The UN cultural agency on Thursday placed two ancient cities in conflict-torn Yemen, Sana’a and Shibam, on its list of endangered World Heritage sites.
UNESCO said Sana’a, known for its many Islamic sites and multi-storey rammed earth houses, “sustained serious damage due to armed conflict” between Iran-backed rebels and the beleaguered Saudi-supported government.
The UN Educational, Scientific and Cultural Organization said the Qasimi neighbourhood near the urban garden of Miqshamat al Qasimi had sustained “particularly serious damage”.
UNESCO is meeting through July 8 in the northwest city of Bonn where it will consider at least 36 natural and cultural sites vying to get World Heritage status.
The 12th century al-Mahdi Mosque has also been affected and “the majority of the colourful, decorated doors and window panes characteristic of the city’s domestic architecture have been shattered or damaged”, it said.
The old city of Sana’a has been inhabited for more than 2,500 years and was a major centre for the propagation of Islam, boasting more than 100 mosques, 14 public baths and more than 6,000 houses built before the 11th century.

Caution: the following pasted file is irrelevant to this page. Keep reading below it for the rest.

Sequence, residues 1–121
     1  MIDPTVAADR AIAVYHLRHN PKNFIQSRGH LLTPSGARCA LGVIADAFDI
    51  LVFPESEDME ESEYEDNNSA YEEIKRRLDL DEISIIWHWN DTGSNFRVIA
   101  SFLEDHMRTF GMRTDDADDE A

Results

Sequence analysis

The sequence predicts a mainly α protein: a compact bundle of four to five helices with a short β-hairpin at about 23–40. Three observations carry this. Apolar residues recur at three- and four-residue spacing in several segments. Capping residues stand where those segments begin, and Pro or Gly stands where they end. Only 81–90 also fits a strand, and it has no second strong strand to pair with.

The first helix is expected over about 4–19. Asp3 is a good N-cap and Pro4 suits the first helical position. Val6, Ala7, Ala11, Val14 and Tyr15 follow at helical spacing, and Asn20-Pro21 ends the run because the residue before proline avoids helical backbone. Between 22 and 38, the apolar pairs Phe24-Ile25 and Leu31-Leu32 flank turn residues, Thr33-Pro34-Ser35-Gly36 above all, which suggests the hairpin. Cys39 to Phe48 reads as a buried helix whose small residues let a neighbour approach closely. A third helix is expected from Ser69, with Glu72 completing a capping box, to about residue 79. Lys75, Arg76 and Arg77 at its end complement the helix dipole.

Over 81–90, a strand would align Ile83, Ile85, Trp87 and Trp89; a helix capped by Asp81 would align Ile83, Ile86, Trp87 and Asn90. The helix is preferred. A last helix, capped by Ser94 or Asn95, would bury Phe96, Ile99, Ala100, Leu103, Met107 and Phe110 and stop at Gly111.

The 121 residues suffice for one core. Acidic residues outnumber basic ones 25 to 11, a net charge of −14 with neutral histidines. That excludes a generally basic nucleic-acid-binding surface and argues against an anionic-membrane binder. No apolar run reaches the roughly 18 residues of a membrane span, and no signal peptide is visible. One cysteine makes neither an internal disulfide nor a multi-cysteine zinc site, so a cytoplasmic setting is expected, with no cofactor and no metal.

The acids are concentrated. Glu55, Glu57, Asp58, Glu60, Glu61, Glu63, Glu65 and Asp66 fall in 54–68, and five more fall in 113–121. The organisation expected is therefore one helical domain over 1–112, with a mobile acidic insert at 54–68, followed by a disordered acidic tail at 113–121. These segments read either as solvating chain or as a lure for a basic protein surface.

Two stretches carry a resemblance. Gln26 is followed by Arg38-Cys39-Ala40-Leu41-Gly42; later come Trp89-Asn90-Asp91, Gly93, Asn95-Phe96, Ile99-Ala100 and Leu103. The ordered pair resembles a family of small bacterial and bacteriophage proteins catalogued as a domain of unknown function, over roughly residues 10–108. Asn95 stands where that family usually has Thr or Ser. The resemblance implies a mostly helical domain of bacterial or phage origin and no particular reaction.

UNESCO’s World Heritage Committee also decided that the old walled city of Shibam was “under potential threat from the armed conflict”.
The fighting “compounds safeguarding and management problems already observed”, it said as it added the 16th century city to its List of World Heritage in Danger.
Shibam’s tower-like structures rise up from a cliff and have given the city the nickname of the “Manhattan of the desert”.
The UN on Wednesday declared its highest level of humanitarian emergency in the impoverished Arabian Peninsula country, where more than 2,600 people have been killed since March.